A provocative study in mice suggests something as simple as breathing in extra oxygen might give...
Beckman Coulter Life Sciences, through a partnership with Illumina, offers automated methods to...
Tiny particles embedded in gel can turn off drug-resistance genes, then release cancer drugs.
Cells provide individualized model for studying obesity and testing treatments.
You might resemble or act more like your mother, but a novel research study from UNC School of Medicine researchers reveals that mammals are genetically more like their dads.
Following the traces of evolution: researches find a key to the reproduction of brain stem cells
Highlighting a potential target in the treatment of multiple sclerosis (MS) and Alzheimer’s disease, new research suggests that triggering a protein found on the surface of brain cells may help slow the progression of these and other neurological diseases.
Genetically engineered T memory stem cells (Tscm) can last more than 12 years in patients’ bodies, and can continually generate appropriate T cell armies for them, says an innovative study looking at two historic clinical trials.
Researchers have designed a molecule that, if developed into a drug, could slow the progression of Parkinson's Disease.
A technique developed by researchers has implications for understanding how cancer cells evolve as a tumor grows or how a virus spreads and changes during an infection.
Findings point to role of natural selection in disease.
The bill granting the controversial techniques was passed Tuesday by the House of Lords, after being approved earlier this month by the House of Commons.
Researchers have identified a previously unknown process that many bacteria, including those that cause disease in humans, use to survive. Their discovery could lead to new therapies for bacterial infections like MRSA and tuberculosis that are resistant to current antibiotic treatments.
Transcription, the process in which genetic information from DNA is copied into RNA to produce proteins, requires many pieces coming together.
Investigators administered a customized genetic construct consisting of tiny rings of DNA, called DNA minicircles, to mice.
A massive worldwide analysis of genetic data from almost 340,000 people around the world has brought understanding of the genetic basis of obesity a step closer.
Like a stealth jet cloaks itself from radar, cancer cells cloak themselves within tumors by hiding behind a dense layer of cellular material known as stroma.
The size of the human brain expanded dramatically during the course of evolution, imparting us with unique capabilities to use abstract language and do complex math. But how did the human brain get larger than that of our closest living relative, the chimpanzee, if almost all of our genes are the same?
Using advanced DNA sequencing methods, researchers have identified a new gene that is associated with sporadic amyotrophic lateral sclerosis (ALS), or Lou Gehrig’s disease.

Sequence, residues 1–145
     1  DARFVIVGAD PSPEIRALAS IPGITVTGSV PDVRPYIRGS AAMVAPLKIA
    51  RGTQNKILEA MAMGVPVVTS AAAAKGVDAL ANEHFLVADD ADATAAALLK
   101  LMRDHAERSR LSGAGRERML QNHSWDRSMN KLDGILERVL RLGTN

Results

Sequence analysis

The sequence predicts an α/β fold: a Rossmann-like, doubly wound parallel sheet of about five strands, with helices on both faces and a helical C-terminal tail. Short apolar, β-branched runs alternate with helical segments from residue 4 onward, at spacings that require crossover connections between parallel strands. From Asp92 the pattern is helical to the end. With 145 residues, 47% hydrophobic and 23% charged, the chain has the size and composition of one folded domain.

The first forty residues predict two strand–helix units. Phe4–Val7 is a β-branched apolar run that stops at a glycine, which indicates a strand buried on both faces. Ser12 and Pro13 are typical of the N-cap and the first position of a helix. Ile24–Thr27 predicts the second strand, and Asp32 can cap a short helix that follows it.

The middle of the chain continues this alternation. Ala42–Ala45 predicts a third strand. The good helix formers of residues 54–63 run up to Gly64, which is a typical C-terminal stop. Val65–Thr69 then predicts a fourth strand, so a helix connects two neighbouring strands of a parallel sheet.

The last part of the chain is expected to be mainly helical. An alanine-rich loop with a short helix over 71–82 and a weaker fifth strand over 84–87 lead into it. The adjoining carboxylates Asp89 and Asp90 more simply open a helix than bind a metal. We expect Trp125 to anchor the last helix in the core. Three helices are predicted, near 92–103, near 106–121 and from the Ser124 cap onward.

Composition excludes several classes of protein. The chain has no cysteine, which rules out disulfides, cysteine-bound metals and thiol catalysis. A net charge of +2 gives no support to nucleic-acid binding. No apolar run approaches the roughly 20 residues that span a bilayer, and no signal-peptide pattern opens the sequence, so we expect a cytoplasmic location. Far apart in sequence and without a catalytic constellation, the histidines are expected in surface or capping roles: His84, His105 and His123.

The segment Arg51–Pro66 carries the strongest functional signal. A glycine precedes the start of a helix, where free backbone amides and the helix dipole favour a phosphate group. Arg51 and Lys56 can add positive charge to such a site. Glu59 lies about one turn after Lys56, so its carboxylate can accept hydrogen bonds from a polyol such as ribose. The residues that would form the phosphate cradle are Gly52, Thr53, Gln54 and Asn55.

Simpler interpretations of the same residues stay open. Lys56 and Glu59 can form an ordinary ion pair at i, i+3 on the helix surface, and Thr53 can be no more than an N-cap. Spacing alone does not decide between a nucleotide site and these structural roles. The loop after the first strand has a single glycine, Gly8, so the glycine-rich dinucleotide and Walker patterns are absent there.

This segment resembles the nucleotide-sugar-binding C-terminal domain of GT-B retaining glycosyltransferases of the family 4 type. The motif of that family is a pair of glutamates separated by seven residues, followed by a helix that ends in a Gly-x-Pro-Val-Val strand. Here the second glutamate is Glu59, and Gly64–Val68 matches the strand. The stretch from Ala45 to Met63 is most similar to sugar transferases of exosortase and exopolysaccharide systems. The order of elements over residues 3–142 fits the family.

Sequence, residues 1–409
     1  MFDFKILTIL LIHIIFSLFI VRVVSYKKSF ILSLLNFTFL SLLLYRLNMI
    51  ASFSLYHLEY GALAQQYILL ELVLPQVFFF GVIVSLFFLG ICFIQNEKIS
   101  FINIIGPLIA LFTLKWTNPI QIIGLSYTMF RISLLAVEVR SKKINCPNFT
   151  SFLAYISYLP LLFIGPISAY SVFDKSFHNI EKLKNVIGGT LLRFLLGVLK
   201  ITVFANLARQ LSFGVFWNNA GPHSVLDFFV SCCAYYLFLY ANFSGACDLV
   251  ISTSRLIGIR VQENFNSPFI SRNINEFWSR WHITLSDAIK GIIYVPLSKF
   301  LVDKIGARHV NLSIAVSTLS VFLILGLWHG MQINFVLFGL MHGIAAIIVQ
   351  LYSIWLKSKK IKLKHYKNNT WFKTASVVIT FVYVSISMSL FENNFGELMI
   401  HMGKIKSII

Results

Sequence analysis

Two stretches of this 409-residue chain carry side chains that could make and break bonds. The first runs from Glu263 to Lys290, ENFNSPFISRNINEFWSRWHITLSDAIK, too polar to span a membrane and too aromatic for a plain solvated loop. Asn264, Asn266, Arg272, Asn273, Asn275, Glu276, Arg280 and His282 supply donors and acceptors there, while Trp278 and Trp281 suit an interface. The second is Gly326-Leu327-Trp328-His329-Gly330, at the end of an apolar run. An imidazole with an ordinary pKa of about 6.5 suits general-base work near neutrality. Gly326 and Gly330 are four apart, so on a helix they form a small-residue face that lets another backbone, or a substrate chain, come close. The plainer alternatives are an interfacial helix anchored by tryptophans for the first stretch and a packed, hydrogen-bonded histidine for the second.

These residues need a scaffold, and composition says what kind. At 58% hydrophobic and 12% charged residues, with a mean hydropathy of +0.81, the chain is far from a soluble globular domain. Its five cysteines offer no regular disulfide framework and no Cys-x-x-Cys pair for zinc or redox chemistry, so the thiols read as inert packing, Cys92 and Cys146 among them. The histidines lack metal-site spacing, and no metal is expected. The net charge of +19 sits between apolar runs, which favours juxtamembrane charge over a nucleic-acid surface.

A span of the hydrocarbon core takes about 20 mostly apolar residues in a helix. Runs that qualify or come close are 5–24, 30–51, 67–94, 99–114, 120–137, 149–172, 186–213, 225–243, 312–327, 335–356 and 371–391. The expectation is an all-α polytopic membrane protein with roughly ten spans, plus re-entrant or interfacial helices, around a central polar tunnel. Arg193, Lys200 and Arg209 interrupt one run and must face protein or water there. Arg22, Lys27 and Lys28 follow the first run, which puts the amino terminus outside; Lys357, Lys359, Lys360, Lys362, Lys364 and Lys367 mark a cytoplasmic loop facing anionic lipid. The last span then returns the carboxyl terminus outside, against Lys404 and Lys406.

23andMe, Inc., the leading personal genetics company, today announced that it has been granted authority by the U.S. Food and Drug Administration (FDA) to market the first direct-to-consumer genetic test under a regulatory classification for novel devices.
Single-letter genetic variations within parts of the genome once dismissed as ‘junk DNA’ can increase cancer risk through 'wormhole-like' effects on far-off genes, new research shows.
Using antibodies from camels and alpacas, scientists have found a way to deliver anticancer viruses directly to tumor cells, leaving other types of cells uninfected.
Nanometer-sized “drones” that deliver a special type of healing molecule to fat deposits in arteries could become a new way to prevent heart attacks caused by atherosclerosis.
Our hearing has a secret bodyguard: a newly discovered connection from the cochlea to the brain that warns of intense incoming noise that causes tissue damage and hearing loss.
Much like mapping the human genome laid the foundations for understanding the genetic basis of human health, new maps of the human epigenome may further unravel the complex links between DNA and disease. The epigenome is part of the machinery that helps direct how genes are turned off and on in different types of cells.
Bacteria are most familiar through their roles in harmful infections. But scientists have realized that such bacteria are only a tiny fraction of the bacterial communities that live in and on our bodies. Most bacteria are commensal, which means they do not cause harm and often confer benefits.
Findings advance efforts to identify who would benefit from more aggressive therapy at earliest stages.
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